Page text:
Chick lit characters can ruin women's self-esteem
Self-critical female book heroines may be endearing to the average woman, but researchers say they can be damaging to your self-esteem.
In a study published in the journal Body Image, researchers from Virginia Tech found that female protagonists who were healthy weights but had low self-esteem could impact the way a woman reader felt about her own body--in a negative way.
Bridget Jones syndrome
For the study, researchers took passages from two popular books in which the female heroines were average-sized but self-critical about their appearances or sense of worth: Emily Giffin's Something Borrowed and Jensen Walker's Dreaming in Black and White.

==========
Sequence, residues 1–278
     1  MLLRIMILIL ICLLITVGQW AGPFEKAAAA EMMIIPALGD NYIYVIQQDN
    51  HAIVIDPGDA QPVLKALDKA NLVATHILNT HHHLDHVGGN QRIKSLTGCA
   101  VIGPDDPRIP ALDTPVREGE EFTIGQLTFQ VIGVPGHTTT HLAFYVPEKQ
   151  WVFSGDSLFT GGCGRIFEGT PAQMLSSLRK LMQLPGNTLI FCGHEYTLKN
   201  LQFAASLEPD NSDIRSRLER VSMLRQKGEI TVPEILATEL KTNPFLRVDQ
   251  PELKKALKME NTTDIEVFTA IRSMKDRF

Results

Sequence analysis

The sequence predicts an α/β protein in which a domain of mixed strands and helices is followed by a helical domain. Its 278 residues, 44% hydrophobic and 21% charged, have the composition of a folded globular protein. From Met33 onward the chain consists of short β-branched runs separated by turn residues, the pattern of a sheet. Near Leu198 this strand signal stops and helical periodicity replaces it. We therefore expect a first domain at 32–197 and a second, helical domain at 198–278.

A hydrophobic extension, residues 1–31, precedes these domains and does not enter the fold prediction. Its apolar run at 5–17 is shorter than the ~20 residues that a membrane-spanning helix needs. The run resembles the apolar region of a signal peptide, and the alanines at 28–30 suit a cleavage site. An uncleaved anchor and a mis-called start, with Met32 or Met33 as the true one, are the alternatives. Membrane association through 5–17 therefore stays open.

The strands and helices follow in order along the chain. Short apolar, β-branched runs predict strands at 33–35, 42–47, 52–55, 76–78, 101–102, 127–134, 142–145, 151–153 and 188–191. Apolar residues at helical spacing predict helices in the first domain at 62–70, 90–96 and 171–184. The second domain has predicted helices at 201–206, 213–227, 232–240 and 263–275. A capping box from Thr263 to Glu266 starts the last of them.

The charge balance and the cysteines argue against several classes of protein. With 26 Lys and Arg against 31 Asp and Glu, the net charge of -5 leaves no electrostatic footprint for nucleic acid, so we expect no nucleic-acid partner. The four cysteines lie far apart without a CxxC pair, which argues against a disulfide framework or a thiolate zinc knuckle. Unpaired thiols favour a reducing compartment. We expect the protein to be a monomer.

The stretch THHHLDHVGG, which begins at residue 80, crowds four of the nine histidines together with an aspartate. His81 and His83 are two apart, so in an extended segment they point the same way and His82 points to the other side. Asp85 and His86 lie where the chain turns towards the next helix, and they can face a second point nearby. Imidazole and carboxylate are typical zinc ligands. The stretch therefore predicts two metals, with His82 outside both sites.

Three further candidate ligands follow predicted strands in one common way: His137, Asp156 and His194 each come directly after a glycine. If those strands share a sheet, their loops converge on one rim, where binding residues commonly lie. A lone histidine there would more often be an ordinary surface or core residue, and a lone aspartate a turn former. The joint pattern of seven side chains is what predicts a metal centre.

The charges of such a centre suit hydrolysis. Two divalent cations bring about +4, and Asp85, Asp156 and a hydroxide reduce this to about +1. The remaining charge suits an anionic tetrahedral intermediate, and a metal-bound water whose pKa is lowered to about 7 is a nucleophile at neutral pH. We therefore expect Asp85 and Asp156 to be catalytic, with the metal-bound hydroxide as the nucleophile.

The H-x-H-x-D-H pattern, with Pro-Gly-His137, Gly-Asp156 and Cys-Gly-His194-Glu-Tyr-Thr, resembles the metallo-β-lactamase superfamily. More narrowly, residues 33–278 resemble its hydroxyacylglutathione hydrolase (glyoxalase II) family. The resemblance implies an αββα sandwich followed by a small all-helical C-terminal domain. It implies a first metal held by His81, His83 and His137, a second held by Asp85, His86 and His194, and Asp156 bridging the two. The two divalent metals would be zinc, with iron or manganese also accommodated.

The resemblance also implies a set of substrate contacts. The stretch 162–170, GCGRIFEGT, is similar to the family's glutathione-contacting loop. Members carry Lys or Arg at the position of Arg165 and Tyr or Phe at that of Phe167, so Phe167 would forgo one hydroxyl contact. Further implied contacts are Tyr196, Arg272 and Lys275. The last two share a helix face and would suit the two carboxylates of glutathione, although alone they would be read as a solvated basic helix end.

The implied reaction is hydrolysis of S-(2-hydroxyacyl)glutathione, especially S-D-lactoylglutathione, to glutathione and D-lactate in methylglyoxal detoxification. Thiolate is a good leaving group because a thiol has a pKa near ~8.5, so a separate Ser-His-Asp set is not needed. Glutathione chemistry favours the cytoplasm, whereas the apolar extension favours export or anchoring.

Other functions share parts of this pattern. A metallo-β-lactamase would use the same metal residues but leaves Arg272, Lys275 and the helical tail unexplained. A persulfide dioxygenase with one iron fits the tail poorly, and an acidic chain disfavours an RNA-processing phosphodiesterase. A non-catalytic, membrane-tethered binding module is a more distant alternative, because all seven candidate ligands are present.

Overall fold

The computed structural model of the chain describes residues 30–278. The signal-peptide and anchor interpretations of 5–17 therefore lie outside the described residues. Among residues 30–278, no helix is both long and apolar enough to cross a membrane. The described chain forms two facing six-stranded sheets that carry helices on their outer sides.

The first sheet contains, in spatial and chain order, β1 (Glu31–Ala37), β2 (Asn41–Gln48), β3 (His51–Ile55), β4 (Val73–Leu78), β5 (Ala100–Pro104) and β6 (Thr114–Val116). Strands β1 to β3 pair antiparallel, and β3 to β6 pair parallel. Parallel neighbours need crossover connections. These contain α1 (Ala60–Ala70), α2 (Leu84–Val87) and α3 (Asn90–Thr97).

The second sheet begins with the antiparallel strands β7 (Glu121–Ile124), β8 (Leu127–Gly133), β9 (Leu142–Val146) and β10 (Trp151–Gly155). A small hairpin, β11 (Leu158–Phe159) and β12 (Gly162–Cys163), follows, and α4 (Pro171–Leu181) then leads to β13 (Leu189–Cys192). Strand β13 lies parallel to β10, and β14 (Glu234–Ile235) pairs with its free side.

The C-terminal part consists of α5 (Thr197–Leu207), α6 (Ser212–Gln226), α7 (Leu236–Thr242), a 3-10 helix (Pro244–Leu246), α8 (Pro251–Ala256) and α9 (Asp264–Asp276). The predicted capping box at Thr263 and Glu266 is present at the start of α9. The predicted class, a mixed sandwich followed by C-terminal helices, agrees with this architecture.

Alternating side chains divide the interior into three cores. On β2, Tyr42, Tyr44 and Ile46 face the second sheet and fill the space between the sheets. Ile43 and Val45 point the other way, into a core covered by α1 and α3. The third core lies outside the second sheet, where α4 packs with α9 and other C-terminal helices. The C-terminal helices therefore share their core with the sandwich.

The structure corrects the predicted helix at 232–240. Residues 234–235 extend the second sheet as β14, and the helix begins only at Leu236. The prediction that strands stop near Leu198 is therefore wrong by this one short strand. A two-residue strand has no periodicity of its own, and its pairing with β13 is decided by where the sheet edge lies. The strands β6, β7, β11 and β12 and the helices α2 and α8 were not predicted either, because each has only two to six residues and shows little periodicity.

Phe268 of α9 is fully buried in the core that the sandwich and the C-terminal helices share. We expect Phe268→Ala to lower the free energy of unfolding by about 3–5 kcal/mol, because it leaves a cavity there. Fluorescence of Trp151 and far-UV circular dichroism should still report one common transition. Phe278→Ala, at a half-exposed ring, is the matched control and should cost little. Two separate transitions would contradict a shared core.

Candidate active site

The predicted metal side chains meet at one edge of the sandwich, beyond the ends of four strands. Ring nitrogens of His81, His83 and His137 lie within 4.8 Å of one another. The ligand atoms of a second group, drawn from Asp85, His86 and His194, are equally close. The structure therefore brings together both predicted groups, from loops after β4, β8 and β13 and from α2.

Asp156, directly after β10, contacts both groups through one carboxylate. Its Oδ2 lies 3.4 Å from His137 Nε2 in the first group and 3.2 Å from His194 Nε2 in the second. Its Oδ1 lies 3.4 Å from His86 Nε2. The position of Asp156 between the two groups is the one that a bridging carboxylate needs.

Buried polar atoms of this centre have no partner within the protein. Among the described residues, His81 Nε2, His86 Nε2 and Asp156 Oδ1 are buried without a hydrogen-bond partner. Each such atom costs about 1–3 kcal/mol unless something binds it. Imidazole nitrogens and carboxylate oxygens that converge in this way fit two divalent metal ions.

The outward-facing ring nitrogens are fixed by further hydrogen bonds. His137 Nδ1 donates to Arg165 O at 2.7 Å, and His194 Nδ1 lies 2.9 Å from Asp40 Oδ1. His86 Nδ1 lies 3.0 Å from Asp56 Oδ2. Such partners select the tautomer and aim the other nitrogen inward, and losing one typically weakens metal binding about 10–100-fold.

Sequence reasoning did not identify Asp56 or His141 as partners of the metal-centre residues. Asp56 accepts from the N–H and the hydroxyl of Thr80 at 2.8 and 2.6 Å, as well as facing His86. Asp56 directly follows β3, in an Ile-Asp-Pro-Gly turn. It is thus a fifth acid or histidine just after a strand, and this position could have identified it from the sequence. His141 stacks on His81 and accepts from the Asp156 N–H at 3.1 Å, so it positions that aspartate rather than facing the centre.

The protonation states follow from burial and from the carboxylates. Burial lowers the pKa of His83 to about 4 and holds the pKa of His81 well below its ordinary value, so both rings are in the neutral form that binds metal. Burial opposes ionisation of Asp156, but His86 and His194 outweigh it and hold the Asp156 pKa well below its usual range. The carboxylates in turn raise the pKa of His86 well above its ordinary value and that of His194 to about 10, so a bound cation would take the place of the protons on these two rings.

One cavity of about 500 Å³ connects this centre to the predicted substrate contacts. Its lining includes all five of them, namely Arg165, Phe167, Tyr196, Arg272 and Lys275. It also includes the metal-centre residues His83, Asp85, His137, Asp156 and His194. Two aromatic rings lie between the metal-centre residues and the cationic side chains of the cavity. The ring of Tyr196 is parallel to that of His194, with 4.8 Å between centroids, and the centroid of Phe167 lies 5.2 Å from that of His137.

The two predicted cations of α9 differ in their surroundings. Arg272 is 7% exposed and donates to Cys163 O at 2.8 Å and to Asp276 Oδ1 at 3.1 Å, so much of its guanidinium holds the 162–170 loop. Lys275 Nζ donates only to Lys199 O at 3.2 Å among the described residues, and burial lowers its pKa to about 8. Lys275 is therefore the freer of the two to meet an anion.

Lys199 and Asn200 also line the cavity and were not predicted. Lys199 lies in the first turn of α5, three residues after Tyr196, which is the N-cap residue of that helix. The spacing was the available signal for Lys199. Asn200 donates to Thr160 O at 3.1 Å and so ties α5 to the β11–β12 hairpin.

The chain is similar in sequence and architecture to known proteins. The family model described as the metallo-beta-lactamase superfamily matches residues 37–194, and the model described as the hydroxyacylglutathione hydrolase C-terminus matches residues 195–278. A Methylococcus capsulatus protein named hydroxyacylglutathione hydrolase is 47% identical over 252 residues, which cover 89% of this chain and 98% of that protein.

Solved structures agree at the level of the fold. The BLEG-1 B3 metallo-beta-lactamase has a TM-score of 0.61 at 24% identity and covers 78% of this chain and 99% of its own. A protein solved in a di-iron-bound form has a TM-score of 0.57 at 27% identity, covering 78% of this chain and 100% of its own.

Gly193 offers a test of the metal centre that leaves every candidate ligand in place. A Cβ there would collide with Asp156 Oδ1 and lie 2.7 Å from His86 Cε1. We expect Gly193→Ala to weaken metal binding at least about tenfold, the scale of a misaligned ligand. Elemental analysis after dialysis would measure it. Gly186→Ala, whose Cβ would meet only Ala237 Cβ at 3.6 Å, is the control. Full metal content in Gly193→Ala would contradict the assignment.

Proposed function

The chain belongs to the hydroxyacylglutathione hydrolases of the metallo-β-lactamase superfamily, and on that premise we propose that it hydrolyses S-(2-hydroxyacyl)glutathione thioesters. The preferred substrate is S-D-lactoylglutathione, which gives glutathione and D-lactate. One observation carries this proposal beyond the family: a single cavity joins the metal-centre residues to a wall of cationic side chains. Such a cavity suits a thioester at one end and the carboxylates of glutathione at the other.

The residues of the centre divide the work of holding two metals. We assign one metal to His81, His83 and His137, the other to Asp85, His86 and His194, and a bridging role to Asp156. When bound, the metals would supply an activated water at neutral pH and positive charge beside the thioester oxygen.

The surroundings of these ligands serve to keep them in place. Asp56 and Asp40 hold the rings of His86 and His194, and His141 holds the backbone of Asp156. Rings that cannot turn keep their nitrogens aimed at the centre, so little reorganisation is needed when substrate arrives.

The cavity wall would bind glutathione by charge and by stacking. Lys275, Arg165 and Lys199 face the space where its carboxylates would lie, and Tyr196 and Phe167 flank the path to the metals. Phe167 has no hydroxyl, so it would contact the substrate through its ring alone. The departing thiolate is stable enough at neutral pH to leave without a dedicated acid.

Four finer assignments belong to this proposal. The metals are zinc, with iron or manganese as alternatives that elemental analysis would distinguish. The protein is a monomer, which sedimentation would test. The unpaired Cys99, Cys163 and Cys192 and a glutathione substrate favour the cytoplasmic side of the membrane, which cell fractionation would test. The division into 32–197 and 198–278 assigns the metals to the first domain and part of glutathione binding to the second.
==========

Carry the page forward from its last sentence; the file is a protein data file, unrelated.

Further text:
They then gave readers nine different versions of the passages in which the character's body weight was either heavier or thinner and her attitude about her body varied from good to bad. Participants read the passages and had to rate their own attractiveness after each one.
The results showed that participants felt less sexually attractive when they read about a thin protagonist and were also more concerned with their own body shape and weight after reading a passage in which a protagonist had low self-esteem.
Researchers concluded that while weight-obsessed female heroines might be relatable, they aren't necessarily promoting healthy attitudes for women.
Source: New York Daily News